time for some annual easter watermelon


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8 Comments

  1. Hi Luke, I was just looking at a video clip of Appalachia English, via Theden, via an HBDC tweet, – and it reminded me that I’ve often wondered if you are Appalachian or whether you migrated there?

    Hi HBDC – reading various tweets and blog comments – I have a question – why is it so important to you that human biodiversity present itself as a single discipline? I tend to think that sociobiology (like this thesis) belongs in biology and, behavioural genetics (statistics) belongs in social sciences – I’d like to see ‘society’ put back into biology and ‘heredity’ put back into sociology. And I think if that were the main goal there might be less resistance to ideas about human biodiversity and less inclination to see human biodiversity as a ‘movement’. But… I’m sure you know better than me (I) what you’re up to, I’m just interested.

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  2. @ kate: good idea – while we’re at it, i’d like to see psychology put into biology instead of being a redheaded stepchild of philosophy :) i’d just throw all the social sciences (anything involving the study of living organisms known as humans) into biology. starting at that point might help us become less dualist & less duel-ist :)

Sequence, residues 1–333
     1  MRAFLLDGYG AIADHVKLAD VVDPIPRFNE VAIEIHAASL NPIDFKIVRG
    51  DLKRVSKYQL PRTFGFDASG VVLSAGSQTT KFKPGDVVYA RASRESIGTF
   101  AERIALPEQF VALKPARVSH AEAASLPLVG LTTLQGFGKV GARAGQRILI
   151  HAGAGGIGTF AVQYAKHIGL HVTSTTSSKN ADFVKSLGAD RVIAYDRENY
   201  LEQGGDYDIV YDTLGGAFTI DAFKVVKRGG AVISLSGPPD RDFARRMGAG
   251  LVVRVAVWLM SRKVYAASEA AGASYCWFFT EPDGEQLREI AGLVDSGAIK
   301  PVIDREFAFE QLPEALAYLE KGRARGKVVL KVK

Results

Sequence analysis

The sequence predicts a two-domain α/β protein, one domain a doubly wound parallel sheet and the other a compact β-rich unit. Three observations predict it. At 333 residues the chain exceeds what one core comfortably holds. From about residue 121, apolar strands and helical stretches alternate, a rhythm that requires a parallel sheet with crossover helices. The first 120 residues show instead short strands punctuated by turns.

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  3. Kate asks, am I Appalachian or did I just migrate here? Well, yes and no, or half and half. My mother’s side of the family are all from around here (Chattanooga) since the early 1800’s, and before that from NC (in the 1700’s) and Virginia since the mid-1600’s. I had long assumed they were mostly of Scots-Irish descent but that turns out to be only about one-third true; the other two-thirds were from various parts England. The overwhelming majority (for whom any genealogical records can be found) were mostly middle-class farmers and tradesmen of one sort or another, your basic Appalachian pioneers. My Daddy’s side of the family by contrast are all Yankees mostly descended from Pennsylvania Dutch (Mennonite/Quaker refugees from the Palatinate) or from early settlers of Massachusetts and Rhode Island. Daddy moved down here from Cincinnati in the 1920’s to go to prep school, where he met my mother and the rest is history. Personally, I was educated up North and out West and have lived (and wandered) all over the United States (and across much of Eurasia) for 20 years before finally coming back home to Dixie. We have the best land down here in case you didn’t know: the most beautiful, the most temperate, and the most affordable. As long as you take it with a grain of salt, here’s my family tree: http://trees.ancestry.com/tree/38335368/family

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  4. Luke – That’s really interesting. Mostly English, bad luck. I just wish my ancestors had had enough pluck to get on a boat. I might see if my town wants to twin with Chattanooga; that’d be fun.

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